In his latest novel, "Two Years Eight Months and Twenty-Eight Days," Salman Rushdie shows once again that despite fatwas, he doesn't fear the confrontation between faith and reason.
In "Two Years Eight Months and Twenty-Eight Days," Salman Rushdie combines fairy tales and facts. It features the rationalist philosopher Ibn Rushd, who lived in the 12th century in Arab Spain, and his confrontation with the Islamic thinker Ghazali of Iran.
The struggle between faith and reason is told through a series of characters which include people, gods and spirits. It would be impossible to summarize the multiple subplots of this book. This is Rushdie's own version of the "Arabian Nights": If you add up the two years, eight months and 28 days mentioned in the title, you'll get 1,001 nights.
Until now, like Scheherazade, the storyteller has managed to survive, despite numerous death threats.
From Mumbai to life undercover
Born in 1947 in Mumbai - then known as Bombay -, Salman Rushdie became famous with his novel "Midnight's Children," the story of a boy who was also born in 1947 and grew up in India.
Rushdie and Grass, who died in April 2015, were friends. They are pictured here with Nadine Gordimer in 1997.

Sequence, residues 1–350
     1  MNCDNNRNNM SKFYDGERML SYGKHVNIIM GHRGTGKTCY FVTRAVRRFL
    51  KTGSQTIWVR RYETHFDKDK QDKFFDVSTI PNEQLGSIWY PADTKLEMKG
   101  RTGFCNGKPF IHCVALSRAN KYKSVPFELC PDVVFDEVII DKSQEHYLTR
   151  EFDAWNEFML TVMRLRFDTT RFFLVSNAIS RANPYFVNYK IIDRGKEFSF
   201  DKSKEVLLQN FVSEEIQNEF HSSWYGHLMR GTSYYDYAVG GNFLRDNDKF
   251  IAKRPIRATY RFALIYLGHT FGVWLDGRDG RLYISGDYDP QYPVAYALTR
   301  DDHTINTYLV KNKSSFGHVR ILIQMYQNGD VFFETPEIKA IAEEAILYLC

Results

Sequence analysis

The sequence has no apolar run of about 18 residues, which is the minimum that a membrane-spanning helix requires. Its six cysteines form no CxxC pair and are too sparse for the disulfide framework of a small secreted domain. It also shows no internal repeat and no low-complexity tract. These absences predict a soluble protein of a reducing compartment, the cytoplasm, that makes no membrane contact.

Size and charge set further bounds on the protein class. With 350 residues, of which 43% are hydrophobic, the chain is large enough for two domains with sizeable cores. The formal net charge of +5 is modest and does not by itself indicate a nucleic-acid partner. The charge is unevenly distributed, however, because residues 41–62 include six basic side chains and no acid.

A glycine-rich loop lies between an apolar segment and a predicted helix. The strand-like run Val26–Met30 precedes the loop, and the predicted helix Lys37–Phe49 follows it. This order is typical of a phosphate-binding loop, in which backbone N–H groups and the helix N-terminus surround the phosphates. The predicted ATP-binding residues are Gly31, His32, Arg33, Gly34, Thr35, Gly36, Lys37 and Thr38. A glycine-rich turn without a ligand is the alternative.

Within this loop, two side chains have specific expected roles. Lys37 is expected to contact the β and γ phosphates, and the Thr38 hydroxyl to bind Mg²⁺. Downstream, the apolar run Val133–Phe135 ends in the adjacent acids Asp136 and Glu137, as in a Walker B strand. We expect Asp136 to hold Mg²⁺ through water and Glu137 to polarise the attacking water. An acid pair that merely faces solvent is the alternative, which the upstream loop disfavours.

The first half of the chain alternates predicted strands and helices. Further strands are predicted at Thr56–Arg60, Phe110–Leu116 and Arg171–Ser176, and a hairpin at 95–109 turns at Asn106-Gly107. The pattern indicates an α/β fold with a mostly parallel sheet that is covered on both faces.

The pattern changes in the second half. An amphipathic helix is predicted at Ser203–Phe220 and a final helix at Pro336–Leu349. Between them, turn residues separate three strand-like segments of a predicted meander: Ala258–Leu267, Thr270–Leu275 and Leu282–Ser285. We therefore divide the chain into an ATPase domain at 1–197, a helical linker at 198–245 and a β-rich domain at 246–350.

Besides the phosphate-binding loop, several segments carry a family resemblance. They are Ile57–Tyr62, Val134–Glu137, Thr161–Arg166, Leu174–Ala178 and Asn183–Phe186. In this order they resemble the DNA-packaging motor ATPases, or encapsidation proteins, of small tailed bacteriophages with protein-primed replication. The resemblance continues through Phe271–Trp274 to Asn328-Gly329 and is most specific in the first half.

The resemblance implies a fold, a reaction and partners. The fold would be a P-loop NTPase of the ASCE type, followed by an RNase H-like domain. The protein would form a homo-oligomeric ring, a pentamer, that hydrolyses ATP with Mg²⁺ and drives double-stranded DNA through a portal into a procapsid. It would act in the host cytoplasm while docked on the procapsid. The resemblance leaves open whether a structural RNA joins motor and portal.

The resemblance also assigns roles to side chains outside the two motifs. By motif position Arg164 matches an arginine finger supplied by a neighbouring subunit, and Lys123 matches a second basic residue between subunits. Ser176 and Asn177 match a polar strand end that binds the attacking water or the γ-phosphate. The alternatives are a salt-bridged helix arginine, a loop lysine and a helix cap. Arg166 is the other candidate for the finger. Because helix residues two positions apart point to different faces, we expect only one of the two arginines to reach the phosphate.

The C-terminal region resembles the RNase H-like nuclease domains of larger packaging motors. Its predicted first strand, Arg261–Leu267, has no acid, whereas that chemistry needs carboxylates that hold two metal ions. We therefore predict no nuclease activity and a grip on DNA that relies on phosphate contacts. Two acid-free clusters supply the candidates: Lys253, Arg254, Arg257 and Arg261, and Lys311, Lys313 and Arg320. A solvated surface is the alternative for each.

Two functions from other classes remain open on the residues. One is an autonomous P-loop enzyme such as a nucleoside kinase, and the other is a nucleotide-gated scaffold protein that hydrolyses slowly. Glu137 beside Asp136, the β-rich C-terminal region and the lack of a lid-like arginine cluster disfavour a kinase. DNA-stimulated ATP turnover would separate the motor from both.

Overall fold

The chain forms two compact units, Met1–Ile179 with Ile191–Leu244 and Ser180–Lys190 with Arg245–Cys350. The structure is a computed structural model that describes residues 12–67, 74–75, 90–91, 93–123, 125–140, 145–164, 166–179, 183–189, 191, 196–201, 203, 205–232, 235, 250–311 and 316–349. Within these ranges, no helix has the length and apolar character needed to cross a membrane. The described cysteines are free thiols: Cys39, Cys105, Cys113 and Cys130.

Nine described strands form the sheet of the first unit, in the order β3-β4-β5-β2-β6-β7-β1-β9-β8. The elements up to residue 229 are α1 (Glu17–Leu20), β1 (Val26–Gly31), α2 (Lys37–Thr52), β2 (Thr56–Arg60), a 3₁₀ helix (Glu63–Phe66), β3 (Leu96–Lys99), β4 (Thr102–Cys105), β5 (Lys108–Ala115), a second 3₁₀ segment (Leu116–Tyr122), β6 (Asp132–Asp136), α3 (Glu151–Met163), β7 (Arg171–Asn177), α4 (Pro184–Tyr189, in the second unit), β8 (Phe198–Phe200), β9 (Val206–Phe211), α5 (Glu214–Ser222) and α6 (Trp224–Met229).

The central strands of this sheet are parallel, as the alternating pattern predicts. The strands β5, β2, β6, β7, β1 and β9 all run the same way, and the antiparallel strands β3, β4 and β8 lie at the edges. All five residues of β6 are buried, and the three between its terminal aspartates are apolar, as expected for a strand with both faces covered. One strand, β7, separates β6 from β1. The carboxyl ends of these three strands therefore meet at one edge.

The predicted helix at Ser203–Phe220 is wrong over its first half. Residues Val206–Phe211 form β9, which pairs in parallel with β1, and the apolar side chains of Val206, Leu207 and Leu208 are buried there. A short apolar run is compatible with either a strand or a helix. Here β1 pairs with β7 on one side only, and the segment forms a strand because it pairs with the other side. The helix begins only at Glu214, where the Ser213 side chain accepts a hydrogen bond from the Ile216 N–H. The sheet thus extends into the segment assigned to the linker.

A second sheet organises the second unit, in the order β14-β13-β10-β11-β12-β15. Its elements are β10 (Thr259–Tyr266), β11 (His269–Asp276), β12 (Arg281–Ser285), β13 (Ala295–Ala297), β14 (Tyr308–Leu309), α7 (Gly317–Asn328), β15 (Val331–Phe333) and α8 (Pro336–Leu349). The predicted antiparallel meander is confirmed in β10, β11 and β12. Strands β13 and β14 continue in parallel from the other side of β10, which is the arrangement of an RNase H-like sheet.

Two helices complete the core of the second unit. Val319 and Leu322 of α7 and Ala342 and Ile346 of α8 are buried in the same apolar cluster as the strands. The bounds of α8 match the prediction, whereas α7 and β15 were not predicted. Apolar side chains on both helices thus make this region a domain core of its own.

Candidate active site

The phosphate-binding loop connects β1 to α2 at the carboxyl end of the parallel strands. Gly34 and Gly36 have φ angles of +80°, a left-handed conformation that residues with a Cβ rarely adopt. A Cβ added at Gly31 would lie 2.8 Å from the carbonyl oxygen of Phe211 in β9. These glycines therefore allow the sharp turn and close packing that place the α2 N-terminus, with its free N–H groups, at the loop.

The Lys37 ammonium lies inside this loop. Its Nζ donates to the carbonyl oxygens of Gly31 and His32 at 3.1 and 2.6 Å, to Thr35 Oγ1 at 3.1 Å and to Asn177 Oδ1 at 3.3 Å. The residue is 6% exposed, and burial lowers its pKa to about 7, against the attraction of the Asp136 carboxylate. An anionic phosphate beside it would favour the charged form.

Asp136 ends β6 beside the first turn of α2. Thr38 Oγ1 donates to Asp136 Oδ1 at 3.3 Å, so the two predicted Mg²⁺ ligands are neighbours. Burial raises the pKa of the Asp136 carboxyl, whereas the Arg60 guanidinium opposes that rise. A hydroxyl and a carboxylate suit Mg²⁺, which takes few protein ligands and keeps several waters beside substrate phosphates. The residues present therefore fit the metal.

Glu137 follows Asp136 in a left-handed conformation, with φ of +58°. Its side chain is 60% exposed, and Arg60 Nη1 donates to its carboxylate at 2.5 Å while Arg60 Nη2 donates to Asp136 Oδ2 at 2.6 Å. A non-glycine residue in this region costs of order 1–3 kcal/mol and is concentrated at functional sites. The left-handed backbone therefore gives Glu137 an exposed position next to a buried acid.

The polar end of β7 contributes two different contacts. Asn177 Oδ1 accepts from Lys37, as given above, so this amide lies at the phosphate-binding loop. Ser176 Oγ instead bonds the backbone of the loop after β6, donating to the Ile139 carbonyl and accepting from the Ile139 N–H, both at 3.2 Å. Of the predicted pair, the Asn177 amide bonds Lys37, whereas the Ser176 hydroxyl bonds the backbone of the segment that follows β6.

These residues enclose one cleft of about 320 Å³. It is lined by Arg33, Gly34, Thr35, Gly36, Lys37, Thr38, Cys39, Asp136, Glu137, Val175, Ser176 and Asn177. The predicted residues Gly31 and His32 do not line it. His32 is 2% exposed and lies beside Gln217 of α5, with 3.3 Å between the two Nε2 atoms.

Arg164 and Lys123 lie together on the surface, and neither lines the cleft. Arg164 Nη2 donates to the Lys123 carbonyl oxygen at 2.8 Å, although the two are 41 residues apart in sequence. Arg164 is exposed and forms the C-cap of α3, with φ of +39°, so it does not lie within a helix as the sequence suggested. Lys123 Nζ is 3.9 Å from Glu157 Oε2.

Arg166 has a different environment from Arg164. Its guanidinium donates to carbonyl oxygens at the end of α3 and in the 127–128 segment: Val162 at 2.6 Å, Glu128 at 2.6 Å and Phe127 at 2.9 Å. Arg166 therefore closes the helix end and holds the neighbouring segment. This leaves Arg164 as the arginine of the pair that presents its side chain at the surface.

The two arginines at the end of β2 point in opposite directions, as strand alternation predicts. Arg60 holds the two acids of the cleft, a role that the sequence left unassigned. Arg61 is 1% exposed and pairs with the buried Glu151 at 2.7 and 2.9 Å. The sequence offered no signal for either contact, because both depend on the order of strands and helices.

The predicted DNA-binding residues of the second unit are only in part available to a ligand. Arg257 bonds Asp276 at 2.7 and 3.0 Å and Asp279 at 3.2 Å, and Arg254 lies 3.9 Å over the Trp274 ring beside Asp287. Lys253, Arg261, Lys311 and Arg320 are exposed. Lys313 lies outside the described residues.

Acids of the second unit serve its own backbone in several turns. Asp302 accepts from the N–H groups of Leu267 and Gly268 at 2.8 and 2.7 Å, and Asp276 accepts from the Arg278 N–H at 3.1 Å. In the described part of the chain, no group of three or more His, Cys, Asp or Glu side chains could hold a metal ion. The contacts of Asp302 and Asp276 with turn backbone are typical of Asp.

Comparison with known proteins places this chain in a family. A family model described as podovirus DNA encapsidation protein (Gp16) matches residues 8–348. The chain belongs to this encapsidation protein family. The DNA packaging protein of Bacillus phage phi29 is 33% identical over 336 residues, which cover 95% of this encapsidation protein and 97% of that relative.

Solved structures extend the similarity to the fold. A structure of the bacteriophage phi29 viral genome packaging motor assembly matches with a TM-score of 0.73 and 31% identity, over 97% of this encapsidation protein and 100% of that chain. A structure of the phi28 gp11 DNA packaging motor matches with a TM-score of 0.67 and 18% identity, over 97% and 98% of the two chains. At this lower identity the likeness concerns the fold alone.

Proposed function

It was inspired, among others, by "The Tin Drum" written by German Nobel Prize-winner Günter Grass in 1959.
Rushdie's novel "The Satanic Verses," published in 1988, was highly controversial because of its depiction of a fictional version of the Prophet Muhammad.
It led to protests in the Islamic world. Ayatollah Khomeini, then supreme religious leader of Iran, issued the famous fatwa calling for Rushdie's death.
As a result, Rushdie spent the following years living in secret locations under police protection, using different pseudonyms. The author has been living in New York without any bodyguards since 2002, according to his autobiographical book "Joseph Anton: A Memoir," published in 2012.
Promoting his new novel in Germany, Rushdie told the weekly "Stern" in an interview that he doubts the fatwa will ever be officially lifted. Iran's former president, Mohammad Khatami, said the threat was "finished" in 1998, but Rushdie doesn't expect anyone to come over and promise him that his life is now "completely safe."
However, he now leads a normal life in New York, he added.
In the same interview, he also calls for a hard stance against the terrorist militia "Islamic State" (IS), as he believes that it poses the worst threat of our time.
A post-Charlie Hebdo campaign
This week, Salman Rushdie wrote an article in the daily "Die Welt" in support of a social media campaign called #JeResteCharlie (I stay Charlie), launched by a group of German journalism students.
Rushdie stressed the importance of fighting for freedom of expression. In the aftermath of the attacks on the French satirical weekly, several people criticized the editorial nature of its content. Yet, Rushdie insists, "If we want to live in an open society, we need to accept such cartoons."
The author will be in Berlin to personally promote his book on November 21.